But no one knew whether such rapid transformations happened on a global scale. (…) Holmgren’s group identified three distinct ecosystem types: forest, savanna, and a treeless state. Forests typically had 80 percent tree cover, while savannas had 20 percent trees and the “treeless” about 5 percent or less. Intermediate states — with, say, 60 percent tree cover — are extremely rare, Holmgren says. Which category a particular landscape fell into depended heavily on rainfall.

Fire may be another important factor in determining tree cover.

{ ScienceNews | Continue reading }

painting { Albert Bierstadt, Giant Redwood Trees of California, 1874 }

For you have five trees in Paradise which do not change, either in summer or in winter, and their leaves do not fall


The genius behind the square tree was Robert Falls, who in the late 1980s was a PhD candidate in the U. of B.C. botany department. Falls noticed that some tree trunks exposed to high winds had become less round in cross section — they’d grown thicker on their leeward and windward sides to buttress themselves. Falls theorized that flexing of the bark by the wind encouraged the cambium— the layer of growth cells just beneath the bark — to produce extra wood. To test his theory, Falls subjected trees to what he thought might be comparable stress by scarring them with surgical tools. Sure enough, more wood grew at the site of the scars.

Hearing the news, a professor in the university’s wood science department suggested Falls try using this discovery to grow trees with a square cross section. Square trees would be a boon to the lumber industry. Since boards are flat and trees are round, only 55 to 60 percent of the average log can be sawed into lumber — the rest winds up getting turned into paper pulp and the like, or just gets thrown away. So Falls obligingly scarred seedlings of several species (western redcedar, black cottonwood, and redwood) at 90-degree intervals around their trunks. The trees responded as hoped, becoming “unmistakably squarish,” he tells me. (…)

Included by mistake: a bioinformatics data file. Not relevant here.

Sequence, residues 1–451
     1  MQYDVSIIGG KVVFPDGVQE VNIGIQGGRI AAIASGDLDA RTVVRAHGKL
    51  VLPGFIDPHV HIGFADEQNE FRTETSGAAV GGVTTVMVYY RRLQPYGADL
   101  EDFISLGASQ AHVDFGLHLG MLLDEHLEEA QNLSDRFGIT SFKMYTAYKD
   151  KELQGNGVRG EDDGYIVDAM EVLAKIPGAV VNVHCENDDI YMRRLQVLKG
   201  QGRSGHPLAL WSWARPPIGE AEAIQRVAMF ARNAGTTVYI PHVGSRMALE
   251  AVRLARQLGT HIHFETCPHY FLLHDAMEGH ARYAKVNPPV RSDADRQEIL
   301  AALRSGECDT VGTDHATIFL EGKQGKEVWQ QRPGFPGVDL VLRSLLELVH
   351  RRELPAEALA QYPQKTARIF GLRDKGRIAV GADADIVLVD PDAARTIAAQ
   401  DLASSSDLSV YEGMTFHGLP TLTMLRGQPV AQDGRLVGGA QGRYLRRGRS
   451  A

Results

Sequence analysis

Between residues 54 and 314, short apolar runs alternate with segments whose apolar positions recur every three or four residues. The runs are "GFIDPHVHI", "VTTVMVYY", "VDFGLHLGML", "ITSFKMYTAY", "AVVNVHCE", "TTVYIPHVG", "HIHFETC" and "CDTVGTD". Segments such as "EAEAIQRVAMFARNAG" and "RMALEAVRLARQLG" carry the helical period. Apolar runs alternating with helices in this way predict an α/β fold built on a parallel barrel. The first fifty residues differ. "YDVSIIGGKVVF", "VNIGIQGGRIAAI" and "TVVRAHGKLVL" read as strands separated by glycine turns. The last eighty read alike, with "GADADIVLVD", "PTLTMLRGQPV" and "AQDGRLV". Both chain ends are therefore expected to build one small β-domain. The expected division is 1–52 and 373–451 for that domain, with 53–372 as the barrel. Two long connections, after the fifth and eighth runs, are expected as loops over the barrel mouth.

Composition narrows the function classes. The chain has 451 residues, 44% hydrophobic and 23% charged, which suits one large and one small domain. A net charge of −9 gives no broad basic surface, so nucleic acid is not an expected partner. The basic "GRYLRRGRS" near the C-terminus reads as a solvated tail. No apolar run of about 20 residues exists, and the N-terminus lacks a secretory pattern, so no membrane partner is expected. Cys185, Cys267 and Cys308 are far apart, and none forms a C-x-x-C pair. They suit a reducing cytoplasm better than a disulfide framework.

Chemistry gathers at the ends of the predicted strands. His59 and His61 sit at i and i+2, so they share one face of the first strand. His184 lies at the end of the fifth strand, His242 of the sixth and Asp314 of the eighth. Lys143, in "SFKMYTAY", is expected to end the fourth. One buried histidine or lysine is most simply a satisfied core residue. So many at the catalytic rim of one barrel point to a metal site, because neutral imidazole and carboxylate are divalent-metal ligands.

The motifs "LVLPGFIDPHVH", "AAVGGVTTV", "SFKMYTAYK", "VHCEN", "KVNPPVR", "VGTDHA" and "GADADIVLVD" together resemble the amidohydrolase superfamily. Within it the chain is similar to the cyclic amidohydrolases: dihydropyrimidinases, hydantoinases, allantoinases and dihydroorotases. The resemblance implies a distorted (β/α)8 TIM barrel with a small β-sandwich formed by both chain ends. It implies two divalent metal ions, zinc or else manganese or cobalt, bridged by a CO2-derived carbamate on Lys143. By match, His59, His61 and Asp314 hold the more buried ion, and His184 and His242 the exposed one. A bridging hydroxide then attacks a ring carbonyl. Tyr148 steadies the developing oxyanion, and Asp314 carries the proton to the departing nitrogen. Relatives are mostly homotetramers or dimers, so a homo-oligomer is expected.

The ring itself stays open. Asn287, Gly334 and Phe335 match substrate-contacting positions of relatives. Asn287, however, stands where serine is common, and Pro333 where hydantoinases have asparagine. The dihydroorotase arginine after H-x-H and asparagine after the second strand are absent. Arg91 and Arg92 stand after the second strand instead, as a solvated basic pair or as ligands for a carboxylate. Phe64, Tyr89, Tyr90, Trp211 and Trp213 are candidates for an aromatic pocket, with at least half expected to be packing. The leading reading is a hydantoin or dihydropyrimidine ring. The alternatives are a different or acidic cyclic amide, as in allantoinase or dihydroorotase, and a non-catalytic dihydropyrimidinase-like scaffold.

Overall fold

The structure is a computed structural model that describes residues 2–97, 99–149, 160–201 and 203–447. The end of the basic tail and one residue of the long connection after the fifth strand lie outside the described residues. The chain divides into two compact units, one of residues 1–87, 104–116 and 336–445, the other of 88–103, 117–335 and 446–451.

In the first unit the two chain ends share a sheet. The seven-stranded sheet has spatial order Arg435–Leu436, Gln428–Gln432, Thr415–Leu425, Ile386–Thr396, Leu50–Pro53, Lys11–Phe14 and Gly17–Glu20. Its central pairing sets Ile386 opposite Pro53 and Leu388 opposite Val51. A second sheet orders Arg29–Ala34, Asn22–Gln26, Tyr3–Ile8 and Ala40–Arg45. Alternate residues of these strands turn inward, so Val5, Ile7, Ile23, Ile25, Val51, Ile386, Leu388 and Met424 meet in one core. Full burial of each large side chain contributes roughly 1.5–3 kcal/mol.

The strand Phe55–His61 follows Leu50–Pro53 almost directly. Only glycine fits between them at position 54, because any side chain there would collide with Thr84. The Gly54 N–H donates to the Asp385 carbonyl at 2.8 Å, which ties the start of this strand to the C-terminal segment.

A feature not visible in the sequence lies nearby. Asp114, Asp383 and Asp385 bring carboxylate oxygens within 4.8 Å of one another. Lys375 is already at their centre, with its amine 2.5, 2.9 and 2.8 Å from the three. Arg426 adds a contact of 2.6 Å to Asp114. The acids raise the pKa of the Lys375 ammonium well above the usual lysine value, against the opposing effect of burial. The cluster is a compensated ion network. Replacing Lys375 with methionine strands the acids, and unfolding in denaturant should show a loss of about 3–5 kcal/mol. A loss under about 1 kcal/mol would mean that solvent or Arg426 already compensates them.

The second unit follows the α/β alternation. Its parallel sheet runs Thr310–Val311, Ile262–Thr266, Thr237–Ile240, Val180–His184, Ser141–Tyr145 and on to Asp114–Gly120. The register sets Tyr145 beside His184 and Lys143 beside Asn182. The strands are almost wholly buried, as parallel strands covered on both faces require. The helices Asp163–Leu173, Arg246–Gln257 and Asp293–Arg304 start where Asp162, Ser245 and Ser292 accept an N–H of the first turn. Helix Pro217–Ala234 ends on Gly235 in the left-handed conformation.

Square trees were just the start. In 1989 Falls was awarded a Canadian patent for an “Expanded Wood Growing Process,” a bland title that fails to capture the revolutionary nature of the concept. Square trees by comparison are a mere novelty. The young scientist had come up with a way to grow boards.

{ The Straight Dope | Continue reading }

image { Bo Young Jung & Emmanuel Wolfs, Square Tree Trunk stool II, 2009 | bronze }

‘The tyrant will always find a pretext for his tyranny.’ –Aesop


Substance is by nature prior to its modifications


{ Leonard Johnson, A traveler palm tree, Philippine Islands, 1926 }

A pause. Infernal machinery.


Ask any second grader what you can do with the rings on a tree, and they’ll respond, “Learn the age of the tree.” They’re not wrong, but dendrochronology—the dating of trees based on patterns in their rings—is more than just counting rings. The hundred year-old discipline has given scientists access to extraordinarily detailed records of climate and environmental conditions hundreds, even thousands of years ago.

The ancient Greeks were the first people known to realize the link between a tree’s rings and its age but, for most of history, that was the limit of our knowledge. It wasn’t until 1901 that an astronomer at Arizona’s Lowell Observatory was hit with a very terrestrial idea—that climatic variations affected the size of a tree’s rings. The idea would change the way scientists study the climate, providing them with over 10,000 years of continuous data that is an important part of modern climate models. (…)

Dendrochronology operates under three major principles and a handful of other ground rules. The uniformitarian principle is perhaps the most important. It implies that the climate operates today in much the same way it did in the past. The uniformitarian principle does not imply that the climate today is the same as it was in the past, or even that today’s climatic conditions ever occurred in the past. It simply states that the basic processes and limiting factors are consistent through time.

{ Ars Technica | Continue reading | Dendrochronology | Wikipedia }

photo { David Stewart }